The mechanism of this induction was controversial from the outset. Spemann had favored the assimilatory induction through the ectoderm, but evidence was mounting that the underlying mesoderm was critical. The article by Bautzmann et al. (1; actually a compilation of experiments done separately) showed that not only would dead organizer tissue induce neural plates, but so would dead intestine and epidermis. [Indeed, the non-specificity of induction caused enormous concern. One possibility is that several of these tissues contain follistatin (2). Salome Gluecksohn Waelsch (3) has claimed that Else Wehmeier was actually the first person who observed that dead organizer tissue still induced the competent ectoderm]. In that compilation, Johannes Holtfreter demonstrated that when ectoderm is wrapped around the dorsal mesoderm would form brain structures. Holtfreter (4) followed this up with his exogastrulation studies wherein the dorsal mesoderm failed to make contact with the overlying ectoderm. In these instances, the ectoderm did not acquire a neural character, again suggesting that the inducing signal appeared to be transmitted vertically from the mesoderm to the ectoderm.
The search for the "organizer molecule" was one of the first worldwide biological research programs. Researchers from Germany, the United Kingdom, the United States, the Netherlands, Japan, Finland, Belgium, and China all sort this elusive entity. Harrison (quoted in 5) referred to the amphibian gastrula as "a new Yukon to which eager miners were now rushing to dig for gold around the blastopore." Løvtrup and his colleagues (6) remarked that "few compounds, other than the philosopher's stone, have been searched for more intensely than the presumed agent of primary induction in the amphibian embryo." In 1961, Lauri Saxon (7) demonstrated that neural induction could occur through a 150 micron thick, 0.8 micron pore size filter, strongly suggesting that the inducer was diffusible. The biochemical purification of this Induktionsstoffe had been part of the Finnish laboratory's program, starting with Toivonen's student, Taina Kuusi (8) and became the focus of the ongoing Tiedmann' research program (9).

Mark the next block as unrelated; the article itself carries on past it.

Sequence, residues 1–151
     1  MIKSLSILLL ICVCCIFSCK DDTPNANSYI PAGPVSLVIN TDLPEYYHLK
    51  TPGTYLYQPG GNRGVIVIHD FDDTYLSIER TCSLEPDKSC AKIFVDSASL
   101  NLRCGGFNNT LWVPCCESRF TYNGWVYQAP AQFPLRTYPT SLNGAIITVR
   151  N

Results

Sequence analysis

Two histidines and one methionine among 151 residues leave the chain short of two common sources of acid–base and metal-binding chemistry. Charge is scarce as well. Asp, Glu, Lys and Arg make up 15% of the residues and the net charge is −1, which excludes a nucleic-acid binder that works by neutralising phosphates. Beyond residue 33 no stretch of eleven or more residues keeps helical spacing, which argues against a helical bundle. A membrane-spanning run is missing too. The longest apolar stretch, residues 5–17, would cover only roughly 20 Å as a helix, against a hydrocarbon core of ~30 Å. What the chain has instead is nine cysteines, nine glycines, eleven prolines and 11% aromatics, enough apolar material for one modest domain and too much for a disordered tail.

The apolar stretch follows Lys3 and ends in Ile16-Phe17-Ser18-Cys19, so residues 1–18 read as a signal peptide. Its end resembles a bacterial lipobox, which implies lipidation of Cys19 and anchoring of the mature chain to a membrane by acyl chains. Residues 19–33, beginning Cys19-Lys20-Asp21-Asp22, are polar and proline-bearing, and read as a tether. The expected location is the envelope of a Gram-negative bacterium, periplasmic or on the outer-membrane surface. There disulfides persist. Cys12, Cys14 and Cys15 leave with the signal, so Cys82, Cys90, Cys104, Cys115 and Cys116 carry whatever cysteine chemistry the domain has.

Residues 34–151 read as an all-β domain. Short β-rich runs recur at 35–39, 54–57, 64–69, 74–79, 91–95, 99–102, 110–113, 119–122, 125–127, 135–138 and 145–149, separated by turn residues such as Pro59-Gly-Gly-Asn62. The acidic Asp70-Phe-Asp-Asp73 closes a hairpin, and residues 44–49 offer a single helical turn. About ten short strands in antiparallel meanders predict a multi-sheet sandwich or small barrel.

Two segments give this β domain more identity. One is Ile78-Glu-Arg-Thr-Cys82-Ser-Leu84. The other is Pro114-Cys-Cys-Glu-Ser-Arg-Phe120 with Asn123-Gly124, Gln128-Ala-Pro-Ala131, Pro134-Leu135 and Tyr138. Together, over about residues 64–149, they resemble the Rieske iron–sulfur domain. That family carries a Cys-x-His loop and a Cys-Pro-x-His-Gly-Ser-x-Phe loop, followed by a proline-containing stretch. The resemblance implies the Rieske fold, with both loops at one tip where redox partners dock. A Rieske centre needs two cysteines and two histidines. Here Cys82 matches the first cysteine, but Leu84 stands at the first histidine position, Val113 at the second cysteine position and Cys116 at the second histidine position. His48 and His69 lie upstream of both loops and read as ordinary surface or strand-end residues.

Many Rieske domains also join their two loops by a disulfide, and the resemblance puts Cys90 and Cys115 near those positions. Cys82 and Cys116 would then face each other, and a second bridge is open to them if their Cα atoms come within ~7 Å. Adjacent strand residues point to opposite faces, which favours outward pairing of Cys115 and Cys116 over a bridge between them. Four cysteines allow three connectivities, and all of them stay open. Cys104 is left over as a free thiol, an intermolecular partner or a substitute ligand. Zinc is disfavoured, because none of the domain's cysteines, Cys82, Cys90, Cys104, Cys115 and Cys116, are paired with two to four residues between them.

Others were trying to find the inducer by seeing which natural substances could induce neural plate formation when added to competent ectoderm or implanted into the blastocoel. One of the laboratories testing such compounds was that of Joseph and Dorothy Needham and C. H. Waddington. Joseph Needham was trying to create a biochemical embryology that would synthesize the reductionism of chemists with the wholism of biologists (see 10). In their work in 1933 and 1935, Waddington and the Needhams (11, 12) showed that the ether extracts of adult newts could act as an organizer. Since this activity could turn presumptive epidermis into non-specific neural tissue, Waddington called this activity as the "evocator." (The molecules specifying the type of neural tissue were referred to as the "individuators." The properties of the evocator fraction suggested that it was a steroid, and both natural and artificial steroids were found to induce neural plates. A sterol inducer made a great deal of sense (13), since sterols had been found to be the basis for male and female sex hormones, cancer-producing hydrocarbons, cardiac glycosides, and vitamin D. Moreover, Emil Witschi had evidence that eggs stored these compounds. However, sterols weren't the only chemicals that induced neural development. They also found that methylene blue and other synthetic molecules could also induce the ectoderm to become neural. In 1936, Waddington, Needham, and Jean Brachet (14) hypothesized that the evocator substance was produced throughout the embryo, but it was just released or activated in one particular region. This fit in well with Holtfreter's (15) discovery that non-inducing regions of the amphibian gastrula could acquire the ability to induce when they were killed.